We went to a spot called Original Big Island Shave Ice that was unlike any shave ice we’ve had. We got the Kimrah Special with ube with mochi and the Trini Chantilly, which has condensed cream and a chantilly drizzle, which were both incredible!
We also went to Scandinavian Shave Ice, which was more traditional and amazing! The woman working even wrote Aloha in condensed cream on the top and they had lots of ice cream options to choose from, including a Kona flavor that Adam loved. We also wanted to try One Aloha Shave Ice, Kula Shave Ice, and Wilson’s By the Bay, but we were too full to eat anymore. 🙁
Out of all of the items on this list, loco moco may have the most fun name! The dish came to be when kids in a sports club in Hilo in the 40’s asked for something different than a sandwich and got a bowl of rice with a burger patty on top and gravy.
The dish was named after one of the kids, who was named George Okimoto, but went by the nickname “Crazy.” They added moco because it rhymed. 🙂 However, the name in Spanish has a very…errr…gross meaning. So you don’t lose your appetite, we won’t include it here, but feel free to Google it!
What started as just some kids wanting a different meal has now become a traditional Hawaiian dish. Just like in the 40’s when it was created, it includes rice, a hamburger patty, and brown gravy. But it now also includes an egg on top.
We have tried loco moco once, but not in Hawaii, so I guess we need to go back…darn! 😉 But on the Big Island specifically, we hear that Broke Da Mouth Grindz (Kona), 808 Grindz (Kona), Umeke’s Fish Market & Grill (Kona), Hawaiian Style Cafe (Waimea + Hilo), and Ken’s House of Pancakes (Hilo) are all good spots to try loco moco, which also have other delicacies on this list, so you knock out a few at once ;).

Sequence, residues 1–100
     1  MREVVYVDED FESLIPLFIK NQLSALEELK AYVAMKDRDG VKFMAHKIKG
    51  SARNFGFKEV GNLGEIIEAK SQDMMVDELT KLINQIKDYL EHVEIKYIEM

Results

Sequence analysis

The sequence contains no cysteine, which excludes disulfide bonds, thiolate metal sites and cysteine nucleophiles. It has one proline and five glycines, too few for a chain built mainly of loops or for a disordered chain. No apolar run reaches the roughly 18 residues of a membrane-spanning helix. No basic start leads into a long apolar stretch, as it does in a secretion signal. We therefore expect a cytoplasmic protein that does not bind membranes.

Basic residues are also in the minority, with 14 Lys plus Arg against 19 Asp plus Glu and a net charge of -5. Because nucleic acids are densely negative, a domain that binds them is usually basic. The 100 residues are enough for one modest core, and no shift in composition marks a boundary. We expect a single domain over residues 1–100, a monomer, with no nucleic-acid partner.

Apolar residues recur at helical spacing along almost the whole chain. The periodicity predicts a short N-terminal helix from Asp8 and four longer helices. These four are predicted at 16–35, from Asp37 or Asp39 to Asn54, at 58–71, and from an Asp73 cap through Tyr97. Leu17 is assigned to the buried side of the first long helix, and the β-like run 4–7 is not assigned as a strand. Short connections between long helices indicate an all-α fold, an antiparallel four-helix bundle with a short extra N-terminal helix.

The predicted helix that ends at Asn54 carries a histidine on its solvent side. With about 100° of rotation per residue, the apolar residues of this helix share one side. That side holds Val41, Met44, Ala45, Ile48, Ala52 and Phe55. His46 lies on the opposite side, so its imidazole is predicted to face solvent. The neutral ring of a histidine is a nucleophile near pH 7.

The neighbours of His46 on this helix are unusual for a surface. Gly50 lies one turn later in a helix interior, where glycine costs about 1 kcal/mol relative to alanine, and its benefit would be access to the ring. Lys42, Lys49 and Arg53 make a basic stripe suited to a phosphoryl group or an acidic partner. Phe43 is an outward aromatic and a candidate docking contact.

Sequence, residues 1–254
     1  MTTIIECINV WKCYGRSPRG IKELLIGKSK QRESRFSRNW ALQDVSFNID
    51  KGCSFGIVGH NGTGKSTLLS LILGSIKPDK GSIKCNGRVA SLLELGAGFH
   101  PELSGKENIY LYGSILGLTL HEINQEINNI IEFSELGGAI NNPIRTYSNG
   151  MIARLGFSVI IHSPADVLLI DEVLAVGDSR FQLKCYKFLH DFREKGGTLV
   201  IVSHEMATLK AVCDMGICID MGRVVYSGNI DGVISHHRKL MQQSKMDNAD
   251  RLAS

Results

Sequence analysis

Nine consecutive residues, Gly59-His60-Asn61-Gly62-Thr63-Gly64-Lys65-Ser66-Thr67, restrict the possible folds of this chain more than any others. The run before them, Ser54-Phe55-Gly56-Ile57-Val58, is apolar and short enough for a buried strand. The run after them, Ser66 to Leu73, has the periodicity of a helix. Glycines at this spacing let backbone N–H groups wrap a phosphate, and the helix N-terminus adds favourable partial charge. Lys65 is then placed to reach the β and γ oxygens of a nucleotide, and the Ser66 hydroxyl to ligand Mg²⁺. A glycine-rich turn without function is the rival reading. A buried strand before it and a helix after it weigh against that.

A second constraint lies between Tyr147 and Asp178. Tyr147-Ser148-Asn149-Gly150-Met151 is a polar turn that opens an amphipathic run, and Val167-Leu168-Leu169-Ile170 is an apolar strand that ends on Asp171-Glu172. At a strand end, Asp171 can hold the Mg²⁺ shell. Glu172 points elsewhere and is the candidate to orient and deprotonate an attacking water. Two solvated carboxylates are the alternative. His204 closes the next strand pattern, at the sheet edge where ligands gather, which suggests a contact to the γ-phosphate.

Last, but not least is Kalua pork! Kalua pork is one of our favorite savory dishes to enjoy in Hawaii and to even make at home! Kalua, which means to “cook in an underground oven” is a traditional hawaiian method of cooking that utilizes an imu, which is a type of underground oven. This is a very common dish to have at luaus, where you usually can watch them cook the pig!
Kalua pork is such a simple dish and is only seasoned with salt and the flavors of the wood and smoke. It’s soft and tender and delicious to have with rice and other popular Hawaiian sides, like poi, which is a taro paste.
On the Big Island, we got Kalua pork at Broke Da Mouth Grindz (Kona), which has many of the items on this list and it was so juicy and good! A few other spots that have good kalua pork at Kanaka Kava (Kona), Umeke’s Fish Market & Grill (Kona), Kaaloa’s Super Js Authentic Hawaiian (Captain Cook), and Honi Wai Cafe (Hilo).
PS: Another pork dish worth trying is Lau lau, which is pork (or sometimes other meats) wrapped in lu’au or taro leaves and then steamed.